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When I stripped car I discovered the passenger seat pan was smashed to fit non mustang seat, I am replacing that allready, I then noticed a small rust deposit in 3 of 4 corners or the pans <Driver front and back and Passanger front, now these are small after I grinded the rust away from inside and under car , My friend suggests not replacing pan but since small and mostly rust free , I should use fiberglass.
Would that be solid enough and last ? Sorry I'm new but I wont drive my family in a car thats not safe of sound.
advice welcomed thank you
www.tradeshoworlando.com/mustang
Vinny ;)
 

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I would cut out the affected area and if small enough, weld in regular sheet metal. Fiberglass is a band-aid patch and will start to rust again. If you want it safe, new metal is the way to go. But I'm an engineer and I over do everything to ensure my a$$ is covered. Just my opinion. ::
 

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If you have the welding skills, make small metal patches and do it right. You don't want to be someone who is referred to as "you won't believe what my PO did to the car" ;) Fiberglass would work as long as the damage is not in a "load" bearing spot, but it's always better to patch it with metal and then POR or something to prevent future rust. My .02 worth.
 
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If the rust has not penetrated (if you can't easily poke a hole in the sheetmetal with a screwdriver or scratch awl), you might consider the POR-15 products. The current issue of Mustang Monthly magazine has an article on no-weld floor rust repair using the Paint Over Rust products - including a type of fiberglass cloth. You definitely want to use a rust-killing product in conjunction with any sort of fiberglass repair, otherwise the rust will be back bigger and uglier.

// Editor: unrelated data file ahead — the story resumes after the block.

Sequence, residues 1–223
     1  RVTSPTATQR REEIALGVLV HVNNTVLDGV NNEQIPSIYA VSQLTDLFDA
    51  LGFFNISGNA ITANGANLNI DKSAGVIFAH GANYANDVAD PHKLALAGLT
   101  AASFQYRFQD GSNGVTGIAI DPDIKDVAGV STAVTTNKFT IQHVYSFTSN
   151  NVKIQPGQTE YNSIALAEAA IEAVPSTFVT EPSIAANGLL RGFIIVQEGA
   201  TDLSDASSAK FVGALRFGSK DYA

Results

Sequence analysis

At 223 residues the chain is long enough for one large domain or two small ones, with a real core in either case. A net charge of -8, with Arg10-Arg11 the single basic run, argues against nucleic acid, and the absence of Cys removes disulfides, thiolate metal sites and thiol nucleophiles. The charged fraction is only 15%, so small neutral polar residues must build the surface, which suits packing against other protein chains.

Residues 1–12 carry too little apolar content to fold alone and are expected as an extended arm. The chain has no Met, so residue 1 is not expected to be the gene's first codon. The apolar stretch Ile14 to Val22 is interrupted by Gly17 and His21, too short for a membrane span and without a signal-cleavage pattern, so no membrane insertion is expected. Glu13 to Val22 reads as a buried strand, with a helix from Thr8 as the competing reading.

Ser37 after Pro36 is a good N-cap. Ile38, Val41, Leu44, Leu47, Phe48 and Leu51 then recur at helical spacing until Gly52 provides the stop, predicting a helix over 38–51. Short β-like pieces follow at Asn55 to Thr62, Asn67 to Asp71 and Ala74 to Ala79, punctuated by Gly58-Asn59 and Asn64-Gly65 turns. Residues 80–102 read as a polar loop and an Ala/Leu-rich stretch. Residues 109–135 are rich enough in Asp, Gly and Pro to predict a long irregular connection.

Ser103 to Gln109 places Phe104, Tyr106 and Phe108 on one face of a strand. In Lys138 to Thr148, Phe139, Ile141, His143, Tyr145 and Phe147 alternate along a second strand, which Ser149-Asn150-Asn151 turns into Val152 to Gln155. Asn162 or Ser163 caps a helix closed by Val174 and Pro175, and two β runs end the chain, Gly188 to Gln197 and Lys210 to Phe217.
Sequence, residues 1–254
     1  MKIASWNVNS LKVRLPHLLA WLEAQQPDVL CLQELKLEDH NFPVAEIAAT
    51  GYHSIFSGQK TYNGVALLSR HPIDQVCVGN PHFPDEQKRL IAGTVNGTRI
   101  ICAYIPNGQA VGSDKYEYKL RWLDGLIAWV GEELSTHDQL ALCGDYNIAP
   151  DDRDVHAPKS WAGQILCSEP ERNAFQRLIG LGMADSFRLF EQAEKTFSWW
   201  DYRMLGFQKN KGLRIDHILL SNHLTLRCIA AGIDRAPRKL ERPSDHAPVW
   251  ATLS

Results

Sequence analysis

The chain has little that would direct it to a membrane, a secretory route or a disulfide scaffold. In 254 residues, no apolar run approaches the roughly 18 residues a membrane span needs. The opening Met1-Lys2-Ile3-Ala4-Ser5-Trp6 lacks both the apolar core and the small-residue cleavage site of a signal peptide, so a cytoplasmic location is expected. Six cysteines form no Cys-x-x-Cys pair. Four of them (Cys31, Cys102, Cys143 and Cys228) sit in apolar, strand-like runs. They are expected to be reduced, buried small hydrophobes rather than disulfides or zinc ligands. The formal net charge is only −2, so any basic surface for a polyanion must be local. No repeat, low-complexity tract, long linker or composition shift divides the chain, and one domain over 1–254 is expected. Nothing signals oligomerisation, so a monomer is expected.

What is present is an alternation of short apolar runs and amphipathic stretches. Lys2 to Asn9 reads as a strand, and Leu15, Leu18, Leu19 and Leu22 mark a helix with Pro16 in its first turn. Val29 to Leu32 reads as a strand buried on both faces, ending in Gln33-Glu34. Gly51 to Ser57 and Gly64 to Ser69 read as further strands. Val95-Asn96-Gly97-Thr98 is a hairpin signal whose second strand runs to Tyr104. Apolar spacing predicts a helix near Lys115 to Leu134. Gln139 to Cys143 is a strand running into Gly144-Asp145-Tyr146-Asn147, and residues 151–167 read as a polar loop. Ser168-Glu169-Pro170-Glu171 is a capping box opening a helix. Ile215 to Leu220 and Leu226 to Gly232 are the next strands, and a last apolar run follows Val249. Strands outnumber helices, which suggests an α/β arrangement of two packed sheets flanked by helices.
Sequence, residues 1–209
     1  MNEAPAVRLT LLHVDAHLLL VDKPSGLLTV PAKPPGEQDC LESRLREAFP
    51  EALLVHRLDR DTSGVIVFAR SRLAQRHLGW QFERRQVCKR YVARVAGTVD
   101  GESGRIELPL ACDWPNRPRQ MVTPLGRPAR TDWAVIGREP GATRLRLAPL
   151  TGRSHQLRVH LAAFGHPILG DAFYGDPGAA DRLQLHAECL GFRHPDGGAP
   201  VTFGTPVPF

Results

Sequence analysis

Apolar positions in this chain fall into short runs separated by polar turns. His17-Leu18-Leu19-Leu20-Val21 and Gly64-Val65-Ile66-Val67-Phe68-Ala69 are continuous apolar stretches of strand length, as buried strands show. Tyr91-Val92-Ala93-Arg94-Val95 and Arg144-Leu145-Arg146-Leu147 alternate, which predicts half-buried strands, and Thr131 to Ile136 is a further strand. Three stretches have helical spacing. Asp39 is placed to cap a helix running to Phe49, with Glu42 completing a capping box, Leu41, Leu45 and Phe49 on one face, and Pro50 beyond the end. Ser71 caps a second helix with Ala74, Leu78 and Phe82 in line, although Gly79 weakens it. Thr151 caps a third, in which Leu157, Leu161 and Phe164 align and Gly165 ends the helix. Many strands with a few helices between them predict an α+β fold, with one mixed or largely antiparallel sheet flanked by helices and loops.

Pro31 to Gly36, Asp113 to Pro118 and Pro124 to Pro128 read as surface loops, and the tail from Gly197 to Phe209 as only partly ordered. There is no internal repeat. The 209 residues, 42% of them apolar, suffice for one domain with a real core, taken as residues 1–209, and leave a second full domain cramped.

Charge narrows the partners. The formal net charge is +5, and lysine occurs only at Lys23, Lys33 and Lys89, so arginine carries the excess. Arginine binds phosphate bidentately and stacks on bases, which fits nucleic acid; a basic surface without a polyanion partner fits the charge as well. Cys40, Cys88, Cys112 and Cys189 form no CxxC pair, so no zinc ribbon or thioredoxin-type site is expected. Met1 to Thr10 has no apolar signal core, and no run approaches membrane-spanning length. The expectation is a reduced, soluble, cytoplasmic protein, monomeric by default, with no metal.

If you've got rust-through, go ahead and replace the metal - but only the portion needed. Leave as much original steel as you can.

BTW, nice web page.
 

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I'd really hate to see you get carried away with something so minor. A little floor pan rust doesn't make the car unsafe. POR-15 makes a product they call POR-Patch. It comes in a squeeze tube. It's just a thicker form of POR-15. Cost is about $14 a tube. Squeeze out a little onto the rusty spot and trowel it flat. You don't even have to remove the rust. It'll stick and set up hard. It works. Its cheap. Its fast. What's the last time you got those three qualities in one product?
 

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I'd really hate to see you get carried away with something so minor. A little floor pan rust doesn't make the car unsafe. POR-15 makes a product they call POR-Patch. It comes in a squeeze tube. It's just a thicker form of POR-15. Cost is about $14 a tube. Squeeze out a little onto the rusty spot and trowel it flat. You don't even have to remove the rust. It'll stick and set up hard. It works. Its cheap. Its fast. What's the last time you got those three qualities in one product?
You're partially right, only a properly prepaired metal patch will last until rust eats the rest of the car around it. It's also more solid than your way (which is the 'new way' to make these repairs).

I say if you have a welder, some experiance usign the welder, you're best bet is to weld a patch in there like i did.

If you didn't have a welder or any experiance at all i'd suggust you're way with the POR-15 stuff. ::
 
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